Members of the band Cracker in front of abandoned store front
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Cracker to Headline the Redwood Mountain Faire

David Lowery of Cracker on the 25th anniversary of the group’s debut album

David Lowery (left) and Johnny Hickman of Cracker. This year marks the 25th anniversary of Cracker’s debut album; the band headlines on Saturday, June 3, at the Redwood Mountain Faire in Felton. PHOTO: BRADFORD JONES

Sometimes when you’re making an album that’s destined to be a rock classic, you have to take the time to stop and ask, “Hey guys, is this too dumb?”

“I mean, literally, that was a question that was asked,” says David Lowery, frontman for Cracker, about the writing of “Happy Birthday to Me,” a song off the band’s self-titled debut album. This year is the 25th anniversary of that record, which began the second act of Lowery’s career after the break-up of Camper Van Beethoven two years earlier, at the height of their run as one of the most successful bands ever to come out of the Santa Cruz music scene.

Lowery recalls that one of the songs he was working on at the time didn’t have a chorus. “And then it was like, ‘if we do a ‘Happy Birthday to Me’ song, maybe it’ll get played when people need to play a happy birthday song. If you think about the rest of the song, it doesn’t have anything to do with a birthday. So I’m trying to figure out a chorus, and I go ‘Is this too dumb?’”

The gist of the response from the band, says Lowery, was “Well, kind of, but kind of not.” He took it as a green light.

Strangely enough, his hunch that it could turn into a semi-official birthday song—despite lines like “I remember you/You drive like a PTA mother” and “Sometimes I wish I were Catholic/I don’t know why”—seems to have been on the money.

“We get royalties for public performance, and ‘Happy Birthday to Me’ is hands down the winner on that album,” says Lowery.

There’s been an interesting bigger shift since the album was released; at that time, the unofficial single “Teen Angst,” with its Alternative-Nation-anthem chorus “What the world needs now/Is another folk singer/Like I need a hole in my head” was the song that got all of the attention. (It’s probably also the song that got Lowery branded a diehard cynic, a tag that continued to dog him after Cracker found platinum-selling success with their next record, 1993’s Kerosene Hat, and its singles like “Low,” “Get off This” and “Eurotrash Girl.” Fans of Camper Van Beethoven, however, were more likely to recognize Lowery’s love of writing flawed and sometimes downright unlikeable characters as first-person narrators, à la “All Her Favorite Fruit,” “Tania” and a number of other Camper classics.)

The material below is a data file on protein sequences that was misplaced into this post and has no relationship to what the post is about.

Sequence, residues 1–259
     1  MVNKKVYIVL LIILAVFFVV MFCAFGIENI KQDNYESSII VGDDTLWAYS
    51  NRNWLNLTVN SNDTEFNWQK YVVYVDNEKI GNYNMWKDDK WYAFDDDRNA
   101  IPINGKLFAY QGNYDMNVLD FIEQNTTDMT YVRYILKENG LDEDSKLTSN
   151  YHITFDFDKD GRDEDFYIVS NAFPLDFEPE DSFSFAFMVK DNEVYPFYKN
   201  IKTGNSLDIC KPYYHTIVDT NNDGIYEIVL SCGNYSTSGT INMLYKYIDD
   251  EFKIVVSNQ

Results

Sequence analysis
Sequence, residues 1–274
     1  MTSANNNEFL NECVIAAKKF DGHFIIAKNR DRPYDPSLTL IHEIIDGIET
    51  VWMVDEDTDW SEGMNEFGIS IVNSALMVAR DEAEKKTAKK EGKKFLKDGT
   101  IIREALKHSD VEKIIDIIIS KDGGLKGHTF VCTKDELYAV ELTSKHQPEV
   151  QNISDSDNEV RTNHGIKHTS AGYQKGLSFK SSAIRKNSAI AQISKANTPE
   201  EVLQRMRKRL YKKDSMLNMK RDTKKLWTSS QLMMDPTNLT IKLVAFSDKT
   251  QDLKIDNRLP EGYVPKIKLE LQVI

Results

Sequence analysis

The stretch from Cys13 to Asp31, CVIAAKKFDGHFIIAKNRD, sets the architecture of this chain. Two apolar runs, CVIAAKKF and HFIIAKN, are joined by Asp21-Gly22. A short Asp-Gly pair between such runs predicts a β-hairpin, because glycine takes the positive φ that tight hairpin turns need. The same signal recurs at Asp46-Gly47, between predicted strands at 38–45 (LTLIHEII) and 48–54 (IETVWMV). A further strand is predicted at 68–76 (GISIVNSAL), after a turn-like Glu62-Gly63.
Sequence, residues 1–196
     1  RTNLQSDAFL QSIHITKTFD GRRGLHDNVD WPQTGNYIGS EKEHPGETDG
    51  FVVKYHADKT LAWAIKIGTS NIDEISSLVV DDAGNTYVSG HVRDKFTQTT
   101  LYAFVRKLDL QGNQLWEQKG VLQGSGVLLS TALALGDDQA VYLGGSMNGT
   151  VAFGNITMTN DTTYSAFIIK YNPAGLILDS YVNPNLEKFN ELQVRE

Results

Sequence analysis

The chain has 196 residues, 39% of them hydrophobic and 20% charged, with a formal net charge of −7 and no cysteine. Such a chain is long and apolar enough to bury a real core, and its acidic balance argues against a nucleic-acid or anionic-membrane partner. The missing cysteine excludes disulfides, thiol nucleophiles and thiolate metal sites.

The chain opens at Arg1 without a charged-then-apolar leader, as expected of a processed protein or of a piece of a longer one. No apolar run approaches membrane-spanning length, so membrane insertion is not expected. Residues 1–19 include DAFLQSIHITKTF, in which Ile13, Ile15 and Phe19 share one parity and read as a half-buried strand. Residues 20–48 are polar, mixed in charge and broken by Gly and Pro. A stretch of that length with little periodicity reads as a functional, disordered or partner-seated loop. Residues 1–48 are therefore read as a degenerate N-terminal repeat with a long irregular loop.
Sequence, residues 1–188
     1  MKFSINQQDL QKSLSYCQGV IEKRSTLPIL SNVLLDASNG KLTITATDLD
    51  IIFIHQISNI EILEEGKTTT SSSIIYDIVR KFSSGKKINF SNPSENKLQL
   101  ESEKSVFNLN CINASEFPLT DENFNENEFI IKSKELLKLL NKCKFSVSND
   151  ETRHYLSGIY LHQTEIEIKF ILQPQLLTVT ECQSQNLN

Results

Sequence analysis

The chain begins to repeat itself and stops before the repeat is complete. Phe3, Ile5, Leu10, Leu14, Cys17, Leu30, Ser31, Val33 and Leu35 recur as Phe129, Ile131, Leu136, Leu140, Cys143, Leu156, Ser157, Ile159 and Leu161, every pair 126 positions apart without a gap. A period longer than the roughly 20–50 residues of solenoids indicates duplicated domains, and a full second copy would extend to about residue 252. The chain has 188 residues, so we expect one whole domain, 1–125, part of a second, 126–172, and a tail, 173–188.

Over time, however, it’s the weirder songs off of Cracker that have eclipsed “Teen Angst” as fan favorites and proven to have the most staying power, like the dating-nightmare-a-thon “Mr. Wrong,” the Southern Gothic “Dr. Bernice” (Baby, don’t you drive around with Dr. Bernice/She’s not a lady doctor at all”) and, of course, “Happy Birthday to Me”—which in fact was promoted to a final encore number for some shows on the band’s recent tour of Spain, though Lowery admits it’s an unconventional closer.

“Yeah, that’s not really a traditional rockin’ sort of song,” he says. “But people like that song. You know what that is? That’s the last song of the encore when you’re like, ‘OK, so we’re going to turn on the lights after this.’ You sing ‘Happy Birthday to Me,’ turn the lights on in the house—OK, we’re done.”

It’s fitting that the oddest songs on Cracker would eventually be the record’s legacy, since the band was an odd project to begin with. Since it sold 200,000 copies and Cracker went on to be far more popular than Camper ever was, it’s easy to forget that making what was basically a country-rock record was not considered by anyone to be a surefire way to blaze up the charts.

“It was really, really not obvious that that was going to be successful, or even be a non-harmful career move,” says Lowery. “I think that’s the best way to put it. It wasn’t even clear that it was going to be an innocuous failure. It could have been a bad failure.”

The results, however, affirmed the path that he and lead guitarist Johnny Hickman—the childhood friend with whom he formed Cracker shortly after Camper broke up—had chosen: something completely different than Lowery’s previous band.

“The thing that people probably would have preferred us to do or expected us to do is what in retrospect would have been the worst thing for us, which was to do sort of a Camper Van Beethoven ‘Mark II’—to quote Spinal Tap. That would have been an insult to a band Johnny and I both loved.”


Cracker plays on Saturday, June 3 at the Redwood Mountain Faire at Roaring Camp, 5401 Graham Hill Road in Felton. The festival runs 10 a.m. to 7 p.m. on June 3-4. Also performing on Saturday are Carolyn Wonderland, the Coffis Brothers, Victor Krummenacher (of Camper Van Beethoven), and more; Sunday’s performers include Dave and Phil Alvin with the Guilty Men, Poor Man’s Whiskey, the Stone Foxes and more. Tickets are $25 per day; redwoodmountainfaire.com.

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